In My Neighborhood
Take a deep breath.
Perhaps the problem in communities where there the teen birth rate is high is not that there are significant resources dedicated to helping people who already have children. We are a society that reveres motherhood as the hardest and most rewarding job of all. We should be doing what we can to help parents succeed. Part of that is helping people who don’t want to become parents until later access the information and services they need to achieve that goal, in addition to providing the necessary supports for parents, regardless of age.
Perhaps what the author sees as lack of attention to helping young people pursue higher education isn’t that those resources are necessarily diverted to helping young families; it’s that there is an overall lack of opportunity in certain communities as a result of decades of policies that make upward mobility and educational attainment out of reach for lots of reasons. Perhaps this “bias in offerings” is a reasonable response to communities where the needs are great and money is scarce. Perhaps we need to have a conversation that helps re-center prevention—of pregnancy, of dropping out of high school, of unemployment—in addition to helping triage in the midst of what to public officials can feel like crises.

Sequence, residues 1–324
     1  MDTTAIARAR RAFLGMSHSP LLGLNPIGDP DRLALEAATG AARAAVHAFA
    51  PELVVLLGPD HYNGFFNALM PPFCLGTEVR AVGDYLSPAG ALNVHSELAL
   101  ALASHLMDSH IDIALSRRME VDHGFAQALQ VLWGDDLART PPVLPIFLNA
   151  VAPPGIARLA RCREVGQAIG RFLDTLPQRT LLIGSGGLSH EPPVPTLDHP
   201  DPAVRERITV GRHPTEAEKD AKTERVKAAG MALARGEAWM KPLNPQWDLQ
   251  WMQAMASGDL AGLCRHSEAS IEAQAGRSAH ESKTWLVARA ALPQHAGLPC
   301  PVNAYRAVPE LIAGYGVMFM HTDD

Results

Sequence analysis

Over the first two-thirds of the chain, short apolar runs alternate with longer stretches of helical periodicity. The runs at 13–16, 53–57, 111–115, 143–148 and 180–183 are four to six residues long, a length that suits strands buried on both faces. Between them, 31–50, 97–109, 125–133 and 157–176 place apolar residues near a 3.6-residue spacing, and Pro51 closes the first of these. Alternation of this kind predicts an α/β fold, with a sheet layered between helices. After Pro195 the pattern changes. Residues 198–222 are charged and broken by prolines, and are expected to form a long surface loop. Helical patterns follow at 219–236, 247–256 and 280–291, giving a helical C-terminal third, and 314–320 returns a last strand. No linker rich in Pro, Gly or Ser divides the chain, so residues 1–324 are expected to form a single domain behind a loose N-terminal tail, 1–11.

Perhaps there is lots of misinformation about public assistance in general—that women on “welfare” get more money for having more babies (no), that teens become pregnant so they can get cheap housing (nope), or that some of us live in a world where relying on this help to make ends meet comes without scrutiny and stigma (nuh uh). Perhaps this essay fans the flames of this debate. Perhaps it is simply one young woman’s account of what she sees around her.
In my neighborhood, we can work to give communities the tools they need to help individuals achieve their goals on all fronts, whether they are related to childbearing, or education, or affordable housing, or reducing poverty. I think all of these concerns are related. And I think we can do it without pointing fingers, and without demonizing those among us who might need the most help.